The introduction of Basel 3 bank regulations follows an agreement at G20 level for the Basel Committee on Banking Supervision to draw up new regulations to address the systemic risk issues exposed by the Lehman failure in 2008. The new regulations proved controversial, delaying their introduction, having been finalized as long ago as October 2014. But, unlike rules originating from national regulators, Basel 3 was not easily spiked by lawyers representing the banking industry’s interests.

The changes, particularly those that disqualify unstable short-term funding on the liability side of a bank’s balance sheet from providing cover for anything on the asset side, are intended to reform banking practices from the ground up. Since the 1980s, after the repeal of the US’s Glass-Stegall Act which separated commercial from investment banking, banks have grown their balance sheets into purely financial activities and proportionately away from the creation of bank credit to finance non-financial businesses. Non-financial businesses have been increasingly directed into bond and equity markets, where banks can charge large fees without having to worry about counterparty risk.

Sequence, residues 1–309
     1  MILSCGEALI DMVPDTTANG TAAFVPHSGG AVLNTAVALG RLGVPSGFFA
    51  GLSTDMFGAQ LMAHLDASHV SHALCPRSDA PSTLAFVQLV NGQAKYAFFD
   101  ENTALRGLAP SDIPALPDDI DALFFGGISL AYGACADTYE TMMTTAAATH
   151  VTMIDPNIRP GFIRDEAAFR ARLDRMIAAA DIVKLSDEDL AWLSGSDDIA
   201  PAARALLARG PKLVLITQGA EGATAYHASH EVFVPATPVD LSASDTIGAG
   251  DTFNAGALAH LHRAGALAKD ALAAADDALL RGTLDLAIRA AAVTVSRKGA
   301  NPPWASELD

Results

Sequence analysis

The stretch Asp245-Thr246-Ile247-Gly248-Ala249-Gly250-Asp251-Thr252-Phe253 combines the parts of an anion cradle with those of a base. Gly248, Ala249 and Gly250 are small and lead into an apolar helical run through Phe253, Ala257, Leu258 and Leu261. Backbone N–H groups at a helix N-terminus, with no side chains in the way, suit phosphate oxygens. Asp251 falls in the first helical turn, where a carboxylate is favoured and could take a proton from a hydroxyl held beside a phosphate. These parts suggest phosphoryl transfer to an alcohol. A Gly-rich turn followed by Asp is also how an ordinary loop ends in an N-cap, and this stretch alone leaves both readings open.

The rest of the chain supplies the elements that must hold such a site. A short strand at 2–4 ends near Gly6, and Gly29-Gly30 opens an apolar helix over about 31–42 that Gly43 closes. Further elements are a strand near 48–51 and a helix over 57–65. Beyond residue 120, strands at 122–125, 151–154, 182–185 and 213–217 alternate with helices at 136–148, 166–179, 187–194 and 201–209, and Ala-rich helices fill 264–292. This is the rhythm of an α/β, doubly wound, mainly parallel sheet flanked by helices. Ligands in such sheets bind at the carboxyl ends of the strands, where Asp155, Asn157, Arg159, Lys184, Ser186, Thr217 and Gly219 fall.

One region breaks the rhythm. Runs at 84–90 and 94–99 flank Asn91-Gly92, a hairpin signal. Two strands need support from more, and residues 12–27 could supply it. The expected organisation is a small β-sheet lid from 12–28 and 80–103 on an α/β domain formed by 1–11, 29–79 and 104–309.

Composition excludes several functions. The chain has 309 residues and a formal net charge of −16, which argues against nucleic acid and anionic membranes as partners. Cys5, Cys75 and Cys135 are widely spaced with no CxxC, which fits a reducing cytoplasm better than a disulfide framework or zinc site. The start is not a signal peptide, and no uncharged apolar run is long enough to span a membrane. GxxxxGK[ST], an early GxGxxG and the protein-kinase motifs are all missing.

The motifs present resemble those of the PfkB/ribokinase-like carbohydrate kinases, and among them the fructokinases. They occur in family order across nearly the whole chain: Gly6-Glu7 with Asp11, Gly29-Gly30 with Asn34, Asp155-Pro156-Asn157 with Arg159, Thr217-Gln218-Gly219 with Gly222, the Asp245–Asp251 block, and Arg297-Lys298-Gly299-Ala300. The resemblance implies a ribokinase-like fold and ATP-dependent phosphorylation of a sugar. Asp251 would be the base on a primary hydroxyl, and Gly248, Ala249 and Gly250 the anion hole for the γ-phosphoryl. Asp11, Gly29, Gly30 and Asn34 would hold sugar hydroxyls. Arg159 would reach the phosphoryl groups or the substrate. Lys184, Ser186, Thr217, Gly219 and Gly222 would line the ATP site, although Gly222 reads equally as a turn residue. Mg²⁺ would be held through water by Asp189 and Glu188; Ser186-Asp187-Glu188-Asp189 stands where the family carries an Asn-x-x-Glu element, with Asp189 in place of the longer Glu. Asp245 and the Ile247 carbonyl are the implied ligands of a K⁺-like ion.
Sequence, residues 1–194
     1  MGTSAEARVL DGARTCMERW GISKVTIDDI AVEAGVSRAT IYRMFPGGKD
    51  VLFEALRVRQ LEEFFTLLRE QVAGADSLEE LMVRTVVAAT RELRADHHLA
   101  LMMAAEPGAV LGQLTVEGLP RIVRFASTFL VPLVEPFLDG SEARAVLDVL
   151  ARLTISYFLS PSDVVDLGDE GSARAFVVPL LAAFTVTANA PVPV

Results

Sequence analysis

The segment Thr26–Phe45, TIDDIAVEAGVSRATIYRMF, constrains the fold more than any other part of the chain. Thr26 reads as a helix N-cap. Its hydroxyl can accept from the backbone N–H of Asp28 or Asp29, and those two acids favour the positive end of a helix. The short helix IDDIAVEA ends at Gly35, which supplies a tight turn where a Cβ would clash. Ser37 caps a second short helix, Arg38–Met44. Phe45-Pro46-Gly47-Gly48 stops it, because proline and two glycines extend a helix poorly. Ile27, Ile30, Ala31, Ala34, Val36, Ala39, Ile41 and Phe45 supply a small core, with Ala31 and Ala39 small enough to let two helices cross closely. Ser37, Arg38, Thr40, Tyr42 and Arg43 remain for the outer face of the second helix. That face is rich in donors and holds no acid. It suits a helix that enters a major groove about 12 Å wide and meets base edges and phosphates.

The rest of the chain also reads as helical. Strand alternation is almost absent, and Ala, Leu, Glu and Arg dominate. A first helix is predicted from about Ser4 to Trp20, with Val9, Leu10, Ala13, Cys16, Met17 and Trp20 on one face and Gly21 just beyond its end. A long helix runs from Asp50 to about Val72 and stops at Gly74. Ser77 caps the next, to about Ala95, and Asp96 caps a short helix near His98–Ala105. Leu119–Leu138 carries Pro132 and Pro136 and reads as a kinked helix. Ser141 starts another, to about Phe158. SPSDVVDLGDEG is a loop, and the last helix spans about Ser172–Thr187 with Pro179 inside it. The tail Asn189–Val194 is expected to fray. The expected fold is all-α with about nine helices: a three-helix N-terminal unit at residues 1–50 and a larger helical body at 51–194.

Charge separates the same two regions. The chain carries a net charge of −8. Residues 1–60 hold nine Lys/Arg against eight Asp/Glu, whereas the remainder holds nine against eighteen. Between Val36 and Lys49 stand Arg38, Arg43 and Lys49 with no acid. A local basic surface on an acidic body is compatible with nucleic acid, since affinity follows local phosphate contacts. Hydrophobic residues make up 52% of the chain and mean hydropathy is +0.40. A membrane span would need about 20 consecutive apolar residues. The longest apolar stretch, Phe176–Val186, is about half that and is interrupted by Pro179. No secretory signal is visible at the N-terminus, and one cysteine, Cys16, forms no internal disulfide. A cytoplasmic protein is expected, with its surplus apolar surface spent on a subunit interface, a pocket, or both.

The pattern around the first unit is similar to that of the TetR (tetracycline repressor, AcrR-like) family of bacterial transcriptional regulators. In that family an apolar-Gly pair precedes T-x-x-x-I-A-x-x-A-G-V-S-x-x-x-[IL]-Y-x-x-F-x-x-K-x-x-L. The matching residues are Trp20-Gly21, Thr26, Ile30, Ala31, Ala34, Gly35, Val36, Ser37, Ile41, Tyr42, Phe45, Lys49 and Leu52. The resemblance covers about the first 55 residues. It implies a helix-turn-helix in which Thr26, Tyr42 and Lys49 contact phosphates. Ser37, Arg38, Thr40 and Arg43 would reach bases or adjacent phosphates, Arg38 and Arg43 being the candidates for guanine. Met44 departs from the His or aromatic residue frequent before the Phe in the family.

There are worrying signs that commercial banking for the big international banks has gone about as far as it can with financialization and has become increasingly reliant on higher gearing for diminishing margins. Consequently, many aspects of financial activity are targeted and adversely affected by the new Basel rules. A bank like Goldman Sachs with its reliance on large customer deposits is treated unfavorably compared with a bank substantially funded by retail deposits and deposits of small businesses. And Goldman reportedly has very recently reduced its holdings of equity investments, treated unfavorably with a required stable funding factor set at 85%, the same as gold. While market traders might observe these moves as indicating Goldman has turned bearish on equities, it may have more to do with responding to the US regulator’s version of Basel 3.[i] If so, it could be a warning of a similar effect on trading in precious metals